EVERETT, Wash. – There is relief and elation among Boeing workers in Everett after learning Thursday they will be building the new Air Force refueling tanker.
The Pentagon announced Boeing's 767 won out over EADS' Airbus 330 for the $35 billion contract.
Dale Flinn epitomizes the Boeing Machinist. He's been building airplanes for 23 years. His daughter was recently hired by the company. For him, the contract is very personal.
"But it also helps my kids, my grandkids and the future of our nation," said Flinn.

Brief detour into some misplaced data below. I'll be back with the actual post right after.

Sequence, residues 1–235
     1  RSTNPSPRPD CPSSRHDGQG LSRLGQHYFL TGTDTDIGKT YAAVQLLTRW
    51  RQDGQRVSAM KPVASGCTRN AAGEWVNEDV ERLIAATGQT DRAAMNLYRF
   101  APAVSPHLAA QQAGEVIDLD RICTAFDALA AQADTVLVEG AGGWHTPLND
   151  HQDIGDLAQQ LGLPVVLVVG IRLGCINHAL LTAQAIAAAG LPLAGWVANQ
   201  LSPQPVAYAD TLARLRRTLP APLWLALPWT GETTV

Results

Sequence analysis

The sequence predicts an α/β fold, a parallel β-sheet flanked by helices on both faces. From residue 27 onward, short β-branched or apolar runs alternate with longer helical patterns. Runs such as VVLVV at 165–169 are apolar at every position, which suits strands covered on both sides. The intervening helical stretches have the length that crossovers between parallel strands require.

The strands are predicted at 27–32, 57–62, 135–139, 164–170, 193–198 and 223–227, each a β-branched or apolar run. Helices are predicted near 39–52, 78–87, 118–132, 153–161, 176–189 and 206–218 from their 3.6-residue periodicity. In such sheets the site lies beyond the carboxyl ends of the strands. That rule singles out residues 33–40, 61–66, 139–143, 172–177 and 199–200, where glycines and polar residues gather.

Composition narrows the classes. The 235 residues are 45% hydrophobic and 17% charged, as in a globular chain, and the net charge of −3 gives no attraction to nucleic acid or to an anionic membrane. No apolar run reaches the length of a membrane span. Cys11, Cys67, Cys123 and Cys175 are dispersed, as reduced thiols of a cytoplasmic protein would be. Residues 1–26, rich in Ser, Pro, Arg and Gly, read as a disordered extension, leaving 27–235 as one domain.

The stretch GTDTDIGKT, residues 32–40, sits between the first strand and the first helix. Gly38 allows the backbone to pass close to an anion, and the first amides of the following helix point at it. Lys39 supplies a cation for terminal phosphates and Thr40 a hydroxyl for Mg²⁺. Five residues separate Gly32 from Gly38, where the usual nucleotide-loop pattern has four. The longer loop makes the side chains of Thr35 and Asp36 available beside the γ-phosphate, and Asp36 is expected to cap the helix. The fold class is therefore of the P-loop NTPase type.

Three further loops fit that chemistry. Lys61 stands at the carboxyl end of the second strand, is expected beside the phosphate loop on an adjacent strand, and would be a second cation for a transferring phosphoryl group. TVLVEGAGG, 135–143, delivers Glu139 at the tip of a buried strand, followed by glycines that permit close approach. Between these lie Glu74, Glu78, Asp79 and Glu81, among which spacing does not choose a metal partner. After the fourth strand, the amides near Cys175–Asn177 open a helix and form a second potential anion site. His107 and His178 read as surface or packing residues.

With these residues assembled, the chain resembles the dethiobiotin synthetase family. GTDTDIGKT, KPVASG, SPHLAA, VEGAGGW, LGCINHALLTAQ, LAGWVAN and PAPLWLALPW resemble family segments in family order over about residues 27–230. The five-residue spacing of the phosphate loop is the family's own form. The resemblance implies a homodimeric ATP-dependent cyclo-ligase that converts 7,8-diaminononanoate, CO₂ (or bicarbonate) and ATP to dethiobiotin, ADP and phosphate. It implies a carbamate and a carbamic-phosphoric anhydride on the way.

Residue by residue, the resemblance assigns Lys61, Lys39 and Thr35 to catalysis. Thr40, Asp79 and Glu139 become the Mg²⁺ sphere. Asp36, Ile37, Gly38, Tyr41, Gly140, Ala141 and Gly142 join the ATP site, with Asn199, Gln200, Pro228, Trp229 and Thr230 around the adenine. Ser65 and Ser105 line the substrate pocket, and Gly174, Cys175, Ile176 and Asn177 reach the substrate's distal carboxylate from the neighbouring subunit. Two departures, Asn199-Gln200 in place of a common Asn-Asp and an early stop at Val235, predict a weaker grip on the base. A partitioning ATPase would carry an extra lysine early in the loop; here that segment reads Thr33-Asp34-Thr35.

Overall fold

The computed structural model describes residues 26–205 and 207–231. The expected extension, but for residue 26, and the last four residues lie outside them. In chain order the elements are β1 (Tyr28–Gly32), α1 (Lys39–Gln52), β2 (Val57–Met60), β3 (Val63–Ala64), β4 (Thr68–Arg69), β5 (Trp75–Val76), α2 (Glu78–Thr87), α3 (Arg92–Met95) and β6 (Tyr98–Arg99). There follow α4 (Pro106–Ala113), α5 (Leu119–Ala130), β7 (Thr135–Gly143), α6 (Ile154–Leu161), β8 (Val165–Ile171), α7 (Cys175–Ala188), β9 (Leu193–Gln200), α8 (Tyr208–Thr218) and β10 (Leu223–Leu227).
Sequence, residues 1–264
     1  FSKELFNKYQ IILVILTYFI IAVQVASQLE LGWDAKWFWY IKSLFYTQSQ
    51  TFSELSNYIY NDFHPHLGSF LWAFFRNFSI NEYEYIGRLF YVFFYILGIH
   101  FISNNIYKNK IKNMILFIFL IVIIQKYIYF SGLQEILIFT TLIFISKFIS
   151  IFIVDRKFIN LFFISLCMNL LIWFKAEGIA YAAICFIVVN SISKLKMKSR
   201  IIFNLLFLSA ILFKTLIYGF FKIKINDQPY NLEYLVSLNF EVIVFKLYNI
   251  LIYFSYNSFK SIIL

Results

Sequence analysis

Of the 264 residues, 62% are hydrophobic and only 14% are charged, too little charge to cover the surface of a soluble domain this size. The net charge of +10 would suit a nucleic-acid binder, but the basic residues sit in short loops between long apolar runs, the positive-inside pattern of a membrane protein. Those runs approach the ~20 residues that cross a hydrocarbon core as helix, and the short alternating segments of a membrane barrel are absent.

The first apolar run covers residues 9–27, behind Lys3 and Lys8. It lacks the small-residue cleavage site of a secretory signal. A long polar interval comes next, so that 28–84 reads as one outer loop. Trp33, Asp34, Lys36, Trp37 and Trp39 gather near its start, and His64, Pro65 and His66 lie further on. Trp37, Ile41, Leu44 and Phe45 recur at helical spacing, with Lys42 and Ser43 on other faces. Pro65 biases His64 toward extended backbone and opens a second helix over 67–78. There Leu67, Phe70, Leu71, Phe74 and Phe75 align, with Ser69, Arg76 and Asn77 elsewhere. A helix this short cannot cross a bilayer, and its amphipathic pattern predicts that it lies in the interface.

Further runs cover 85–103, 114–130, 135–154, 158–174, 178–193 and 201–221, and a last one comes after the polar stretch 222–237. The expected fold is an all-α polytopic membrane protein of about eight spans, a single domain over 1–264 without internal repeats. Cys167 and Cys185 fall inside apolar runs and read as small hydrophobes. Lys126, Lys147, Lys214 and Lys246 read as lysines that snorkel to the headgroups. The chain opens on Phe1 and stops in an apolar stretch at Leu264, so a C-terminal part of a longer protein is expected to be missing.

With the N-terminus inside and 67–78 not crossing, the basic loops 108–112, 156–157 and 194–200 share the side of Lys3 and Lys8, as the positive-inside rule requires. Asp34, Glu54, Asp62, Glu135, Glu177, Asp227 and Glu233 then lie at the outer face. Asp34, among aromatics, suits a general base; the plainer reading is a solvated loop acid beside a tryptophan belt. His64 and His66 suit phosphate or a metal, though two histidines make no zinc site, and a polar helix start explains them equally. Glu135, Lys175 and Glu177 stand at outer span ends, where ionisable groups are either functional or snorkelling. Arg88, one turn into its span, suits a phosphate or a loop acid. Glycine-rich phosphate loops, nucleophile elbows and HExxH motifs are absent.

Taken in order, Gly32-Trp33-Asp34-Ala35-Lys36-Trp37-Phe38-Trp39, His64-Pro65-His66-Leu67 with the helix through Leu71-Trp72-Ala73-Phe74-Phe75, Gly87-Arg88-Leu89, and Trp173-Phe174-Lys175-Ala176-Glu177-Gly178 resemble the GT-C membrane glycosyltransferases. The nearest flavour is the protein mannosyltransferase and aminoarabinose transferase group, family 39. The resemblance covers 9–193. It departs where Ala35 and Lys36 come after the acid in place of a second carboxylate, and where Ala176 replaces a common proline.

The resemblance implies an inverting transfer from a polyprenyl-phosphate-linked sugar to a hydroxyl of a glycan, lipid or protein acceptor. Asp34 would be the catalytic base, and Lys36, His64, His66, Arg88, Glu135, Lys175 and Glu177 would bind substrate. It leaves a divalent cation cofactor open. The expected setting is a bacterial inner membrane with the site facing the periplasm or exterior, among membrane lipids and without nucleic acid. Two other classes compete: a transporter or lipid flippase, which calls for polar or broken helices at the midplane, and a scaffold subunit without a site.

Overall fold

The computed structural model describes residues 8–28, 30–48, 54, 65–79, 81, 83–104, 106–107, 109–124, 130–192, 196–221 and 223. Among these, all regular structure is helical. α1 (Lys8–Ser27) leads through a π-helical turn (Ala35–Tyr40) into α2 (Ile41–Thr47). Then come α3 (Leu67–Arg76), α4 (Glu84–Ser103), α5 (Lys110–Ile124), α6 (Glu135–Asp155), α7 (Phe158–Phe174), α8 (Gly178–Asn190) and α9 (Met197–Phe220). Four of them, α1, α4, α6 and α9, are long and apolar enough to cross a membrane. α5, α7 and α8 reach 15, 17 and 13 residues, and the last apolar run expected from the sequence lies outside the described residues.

Along with the jubilation, there is a sense of relief and security that Boeing jobs are here to stay.
"I'm like a kid in a candy store right now," said one worker.
"We've worked hard on Boeing's behalf for nearly a decade on this tanker deal. In fact, we could have built and delivered an entire fleet of tankers in the time it's taken to settle this deal," said Tom Wroblewski, the president of Machinists Union District Lodge 751, in a press release.
Union Machinists say they expect the contract to produce about 5,000 more jobs for the next 15 years. That will see a lot of them through to retirement. If the company gets round two of the contract, the children of those workers could retire from the company, too.